Milestones & Cornerstones
A year of milestones – from the founding of the American Battle Monuments Commission to the construction of the Liberty Memorial – 1923 ushered in a new era of military commemoration in the wake of WWI. Remembrance became less about victory and more about peace: monuments and cemeteries, enshrining the memory of those who served and sacrificed, were built not as trophies of the past but as touchstones for the future.
Even a century later, these sites stand – amid the horror and disillusionment of war – as sentinels of hope. Join us as we commemorate the war with engaging conversations on military actions, the people who served, and the ways we remember them.
Who should attend?
All who have a general or professional interest in the periods prior to, during and after World War I. We especially recommend this symposium to educators, historians and members of organizations that study these periods.
Stay tuned for updates!
In Partnership With
League of WWI Aviation Historians
Shifting Tides: Citizenship in a World of Conflict
Nov. 4-5, 2022
Engulfed by four years of total war, the world emerged transformed. Amid the unfamiliarity of wartime and post-war societies, populations were both bound by tradition and buoyed by bids to reshape political, economic and social landscapes.
Oct. 29-30, 2021
As the Great War “ended,” many questions confronted the global community that remain just as pressing today as they did one hundred years ago: How does war impact how we understand ourselves and our place in the world? What does it mean to “come home” when the places and people you called home have changed irrevocably?
Nov. 1-2, 2019
1919 was a year of sweeping changes in a landscape dramatically altered by years of unrelenting warfare. Leaders advanced towards elusive peace amid political instability, economic uncertainty and social conflict. As terms of the Treaty of Versailles were negotiated, a world reordered faced decisions and realities that would leave a complex legacy.
1918: Crucible of War
Nov. 1-3, 2018
Explore the irrevocable changes five years of cataclysmic conflict wrought on the global stage. As borders were literally and figuratively redrawn, Allies celebrated a victory and the world came to terms with the irreparable devastation and losses of the “war to end all wars.”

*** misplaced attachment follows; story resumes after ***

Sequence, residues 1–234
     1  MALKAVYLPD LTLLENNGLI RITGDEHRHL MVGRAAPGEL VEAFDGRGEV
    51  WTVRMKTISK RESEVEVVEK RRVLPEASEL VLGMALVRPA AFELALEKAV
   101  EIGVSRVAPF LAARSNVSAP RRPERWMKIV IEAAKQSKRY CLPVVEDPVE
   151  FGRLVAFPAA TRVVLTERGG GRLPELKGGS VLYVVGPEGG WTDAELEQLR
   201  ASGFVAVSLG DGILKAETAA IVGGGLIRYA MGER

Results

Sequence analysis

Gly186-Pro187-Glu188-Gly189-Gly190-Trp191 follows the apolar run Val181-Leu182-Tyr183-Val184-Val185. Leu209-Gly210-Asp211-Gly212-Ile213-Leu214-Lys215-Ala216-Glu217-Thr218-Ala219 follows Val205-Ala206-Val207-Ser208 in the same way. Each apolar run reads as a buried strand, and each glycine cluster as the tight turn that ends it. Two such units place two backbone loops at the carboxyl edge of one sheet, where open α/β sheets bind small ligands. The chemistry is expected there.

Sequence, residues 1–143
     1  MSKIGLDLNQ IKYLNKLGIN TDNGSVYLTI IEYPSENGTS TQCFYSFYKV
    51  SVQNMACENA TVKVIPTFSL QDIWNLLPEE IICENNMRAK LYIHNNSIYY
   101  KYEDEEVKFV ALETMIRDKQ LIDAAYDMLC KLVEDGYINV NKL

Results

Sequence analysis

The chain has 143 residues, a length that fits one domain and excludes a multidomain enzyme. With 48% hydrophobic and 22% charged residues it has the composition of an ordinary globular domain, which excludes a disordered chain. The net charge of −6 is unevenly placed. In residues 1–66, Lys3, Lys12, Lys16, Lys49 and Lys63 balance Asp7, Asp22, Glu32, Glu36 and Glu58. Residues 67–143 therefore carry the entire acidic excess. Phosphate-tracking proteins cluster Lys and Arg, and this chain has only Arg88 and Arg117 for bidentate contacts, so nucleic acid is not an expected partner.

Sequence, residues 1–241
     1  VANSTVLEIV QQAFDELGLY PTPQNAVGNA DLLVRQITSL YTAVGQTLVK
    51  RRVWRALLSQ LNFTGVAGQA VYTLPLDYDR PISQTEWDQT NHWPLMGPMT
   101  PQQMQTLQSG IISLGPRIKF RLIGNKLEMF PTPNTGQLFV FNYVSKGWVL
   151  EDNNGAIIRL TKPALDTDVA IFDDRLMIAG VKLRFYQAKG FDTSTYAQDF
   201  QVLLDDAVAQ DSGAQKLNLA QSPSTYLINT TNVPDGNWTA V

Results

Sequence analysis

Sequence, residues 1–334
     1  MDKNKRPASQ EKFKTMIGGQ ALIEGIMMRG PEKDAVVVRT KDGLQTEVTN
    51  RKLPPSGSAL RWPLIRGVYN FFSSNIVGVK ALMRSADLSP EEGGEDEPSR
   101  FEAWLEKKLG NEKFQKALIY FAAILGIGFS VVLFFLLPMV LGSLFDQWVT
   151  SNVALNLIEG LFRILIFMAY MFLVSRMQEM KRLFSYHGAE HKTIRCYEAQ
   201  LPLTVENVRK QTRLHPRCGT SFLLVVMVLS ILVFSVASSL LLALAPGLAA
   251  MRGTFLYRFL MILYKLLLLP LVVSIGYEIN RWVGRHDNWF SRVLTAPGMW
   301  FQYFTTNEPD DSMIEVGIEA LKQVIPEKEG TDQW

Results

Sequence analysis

1917: America Joins the Fight
Nov. 3-4, 2017
The United States emerged from its traditional isolation in 1917 and began to take its place in the forefront of world affairs. As the U.S. mobilized its farms, industries, and formed a large army, it confronted curtailing civil liberties and faced a possible demand for equity in return for support.
Remembering Muted Voices
Oct. 19-22, 2017
Although the U.S. actively took part in the conflict for only 18 months, the war effort introduced mass conscription, transformed the American economy and mobilized popular support through war bonds, patriotic rallies and anti-German propaganda. Nevertheless, many people desired a negotiated peace, opposed American intervention, refused to support the war effort and even imagined future world orders that could eliminate war.
1916: Total War
Nov. 4-5, 2016
Explore the pivotal year of 1916, where global socio-political tensions created by World War I continued escalation and irrevocably changed the economic, military, and cultural landscape of the world.
1915: Empires at War
Nov. 6-7, 2015
Explore the rising tensions in America and the globally escalating conflict that defined the world in 1915. Follow the trajectories of different countries around the world as the conflict escalated to total war, including fighting in the colonies and East Asia, stalemate in the West, Churchill’s disaster at Gallipoli, mobilization at home, and the polarization of American society around the issue of war.
1914: Global War and American Neutrality
Nov. 7-8, 2014
Examine the origins of, reactions to and early confrontations in the First World War including the political, diplomatic, military, cultural and scientific developments prior to the war that contributed to its outbreak.